Cannabis & Me > Cannabis 101
The Endocannabinoid System of your body is a network of receptors that help to regulate homeostasis or balance by interacting with and supporting a variety of major bodily functions.
The two main receptors of the endocannabinoid system are known as CB1 CB2 receptors.
CB1 receptors are found primarily throughout the brain and central nervous system. CB1 receptors are also found within the kidneys, liver, lungs, digestive tract and even our eyes.
CB2 receptors are found primarily throughout the immune system. CB2 receptors are also found within our peripheral tissues that exist in our stomach, muscles, glands and even our ears.
Cannabinoids are chemical compounds secreted by the cannabis plant’s trichomes during its growth process. THC & CBD are the most well-known cannabinoids but there are many others, such as: CBN, CBG, THCA, and THCV.
Cannabinoids work by bonding with the receptors of the ECS and either support what the receptors intended function is or supplement to help change or modulate a receptor’s function(s) if the ECS is out of balance.
THC, short for tetrahydrocannabinol, is the most well-known cannabinoid. THC is the primary psychoactive component of the marijuana plant and has many potential health benefits.
CBD, short for cannabidiol, is the second most well-known cannabinoid. CBD is known to have many potential health benefits and may mitigate the psychoactive effects of THC.
Male cannabis plants produce pollen sacks that blossom into flowers when they reach maturity. They are not as potent as female plants, but do contain cannabinoids. Pollen fertilizes the bud of a female plant and contains genetic material used to breed new strains of marijuana with specific traits over time. Pollinating a female plant creates seeds with genetic material from both the mother and father plant, leading to more genetic variation and a stronger cannabis species (clones of female plants are prone to genetic weakness over time).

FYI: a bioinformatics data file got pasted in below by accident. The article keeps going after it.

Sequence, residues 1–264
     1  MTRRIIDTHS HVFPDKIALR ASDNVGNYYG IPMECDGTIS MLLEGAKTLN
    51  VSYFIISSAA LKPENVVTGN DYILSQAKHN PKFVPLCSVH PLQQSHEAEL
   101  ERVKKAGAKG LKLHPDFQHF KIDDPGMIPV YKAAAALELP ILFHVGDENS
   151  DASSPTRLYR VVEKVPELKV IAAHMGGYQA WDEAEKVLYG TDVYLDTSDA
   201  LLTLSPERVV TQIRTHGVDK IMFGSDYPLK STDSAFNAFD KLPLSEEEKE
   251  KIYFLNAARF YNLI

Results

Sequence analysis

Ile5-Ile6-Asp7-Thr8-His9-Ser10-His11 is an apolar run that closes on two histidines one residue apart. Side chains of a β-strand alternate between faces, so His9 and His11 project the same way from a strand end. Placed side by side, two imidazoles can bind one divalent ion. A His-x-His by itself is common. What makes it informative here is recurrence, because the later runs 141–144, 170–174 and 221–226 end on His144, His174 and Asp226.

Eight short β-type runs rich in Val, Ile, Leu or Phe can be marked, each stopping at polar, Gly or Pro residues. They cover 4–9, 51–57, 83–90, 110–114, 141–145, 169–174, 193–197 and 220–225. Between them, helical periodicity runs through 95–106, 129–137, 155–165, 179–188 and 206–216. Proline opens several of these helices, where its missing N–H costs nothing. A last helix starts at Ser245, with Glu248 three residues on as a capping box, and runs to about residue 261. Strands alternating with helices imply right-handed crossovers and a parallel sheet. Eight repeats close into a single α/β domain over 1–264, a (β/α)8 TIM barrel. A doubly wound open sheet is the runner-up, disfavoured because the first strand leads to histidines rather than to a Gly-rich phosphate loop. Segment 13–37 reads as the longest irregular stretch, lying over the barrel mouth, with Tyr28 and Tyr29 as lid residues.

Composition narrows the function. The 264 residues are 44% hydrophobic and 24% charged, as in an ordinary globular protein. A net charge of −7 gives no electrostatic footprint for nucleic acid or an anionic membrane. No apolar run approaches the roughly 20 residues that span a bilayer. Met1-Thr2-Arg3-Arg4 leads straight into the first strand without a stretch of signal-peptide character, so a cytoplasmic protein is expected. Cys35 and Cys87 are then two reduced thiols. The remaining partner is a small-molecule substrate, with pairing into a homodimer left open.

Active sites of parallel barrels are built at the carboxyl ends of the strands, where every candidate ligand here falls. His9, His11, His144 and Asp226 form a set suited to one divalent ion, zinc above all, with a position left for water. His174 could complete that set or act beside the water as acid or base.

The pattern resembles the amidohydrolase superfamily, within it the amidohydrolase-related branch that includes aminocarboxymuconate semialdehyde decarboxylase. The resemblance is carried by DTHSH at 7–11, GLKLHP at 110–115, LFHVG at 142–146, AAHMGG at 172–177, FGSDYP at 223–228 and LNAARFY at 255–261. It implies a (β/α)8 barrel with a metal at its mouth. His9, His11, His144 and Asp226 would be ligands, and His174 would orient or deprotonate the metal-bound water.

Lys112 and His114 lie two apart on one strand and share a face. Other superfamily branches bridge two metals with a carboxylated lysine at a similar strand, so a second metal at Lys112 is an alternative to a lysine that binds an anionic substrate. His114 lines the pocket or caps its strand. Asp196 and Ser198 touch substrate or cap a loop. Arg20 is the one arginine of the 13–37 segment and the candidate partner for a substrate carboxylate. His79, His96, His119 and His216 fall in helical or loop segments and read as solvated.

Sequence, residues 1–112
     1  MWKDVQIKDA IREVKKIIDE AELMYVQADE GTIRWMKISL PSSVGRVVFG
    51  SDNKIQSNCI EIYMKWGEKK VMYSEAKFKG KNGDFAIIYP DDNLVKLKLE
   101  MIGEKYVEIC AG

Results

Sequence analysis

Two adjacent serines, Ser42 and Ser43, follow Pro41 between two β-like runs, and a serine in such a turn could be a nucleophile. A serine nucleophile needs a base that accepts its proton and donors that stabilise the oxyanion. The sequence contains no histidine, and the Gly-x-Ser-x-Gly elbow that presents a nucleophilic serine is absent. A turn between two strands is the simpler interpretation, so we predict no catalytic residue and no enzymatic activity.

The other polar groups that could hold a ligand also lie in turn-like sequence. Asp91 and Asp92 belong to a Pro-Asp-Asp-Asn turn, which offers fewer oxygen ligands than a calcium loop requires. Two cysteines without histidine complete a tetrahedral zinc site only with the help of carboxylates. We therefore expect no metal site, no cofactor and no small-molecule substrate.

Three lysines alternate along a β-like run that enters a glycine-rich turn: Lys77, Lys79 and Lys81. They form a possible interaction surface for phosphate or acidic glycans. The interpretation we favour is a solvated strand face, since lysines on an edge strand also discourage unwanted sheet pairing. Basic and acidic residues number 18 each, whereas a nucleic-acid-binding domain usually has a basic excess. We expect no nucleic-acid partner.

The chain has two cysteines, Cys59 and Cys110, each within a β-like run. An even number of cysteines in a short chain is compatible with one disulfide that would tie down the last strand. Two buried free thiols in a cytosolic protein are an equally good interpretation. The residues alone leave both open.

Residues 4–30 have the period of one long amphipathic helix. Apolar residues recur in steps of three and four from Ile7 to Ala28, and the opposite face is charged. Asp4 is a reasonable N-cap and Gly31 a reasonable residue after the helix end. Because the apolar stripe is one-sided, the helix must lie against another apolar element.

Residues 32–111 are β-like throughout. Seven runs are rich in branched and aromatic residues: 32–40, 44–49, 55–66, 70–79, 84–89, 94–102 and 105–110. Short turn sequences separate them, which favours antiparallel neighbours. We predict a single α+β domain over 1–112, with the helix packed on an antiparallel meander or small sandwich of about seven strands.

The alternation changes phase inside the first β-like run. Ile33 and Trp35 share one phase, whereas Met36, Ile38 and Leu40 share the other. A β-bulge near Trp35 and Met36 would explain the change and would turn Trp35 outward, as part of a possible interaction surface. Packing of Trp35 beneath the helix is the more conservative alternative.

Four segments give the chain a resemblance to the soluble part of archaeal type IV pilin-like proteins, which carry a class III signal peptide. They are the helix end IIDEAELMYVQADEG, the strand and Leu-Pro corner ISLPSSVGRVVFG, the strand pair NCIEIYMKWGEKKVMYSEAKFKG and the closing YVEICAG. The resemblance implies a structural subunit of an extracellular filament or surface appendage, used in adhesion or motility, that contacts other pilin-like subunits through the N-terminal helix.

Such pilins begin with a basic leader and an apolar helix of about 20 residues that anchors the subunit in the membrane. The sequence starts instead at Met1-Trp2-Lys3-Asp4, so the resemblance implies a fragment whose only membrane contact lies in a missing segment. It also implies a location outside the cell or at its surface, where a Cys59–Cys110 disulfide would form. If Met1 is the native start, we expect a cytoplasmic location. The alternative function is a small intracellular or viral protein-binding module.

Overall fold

A hermaphrodite is a plant that develops both female and male parts. This usually occurs when females have gone a long time without pollination or experience stress during growth.
Pistils contain the reproductive parts of the flower. Stigmas are the vibrant, hair-like strands of the pistil that collect pollen from males. They are only found on female plants and capture pollen from male plants by curling or bending toward male plants. Pistils are a grower’s best tool for differentiating between a male and female plant.
The calyx is a tiny, teardrop-shaped cluster that makes up the bud itself. It contains sugar leaves and pistils and is where most of the trichomes are found.
A bract is a tear-shaped green leaf covered in resin glands. Bracts produce lots of concentrated cannabinoids. They encapsulate the reproductive parts of the female and house seeds in a fertilized plant.
Leaf nodes are where branching occurs off of the stem and where flowers grow. Nodes connect new stem branches that separate and take the form of a leaf, branch, or bud. Internode space is the distance between sets of branches; indicas have shorter internode spacing than sativas.
Note: Individual results may vary.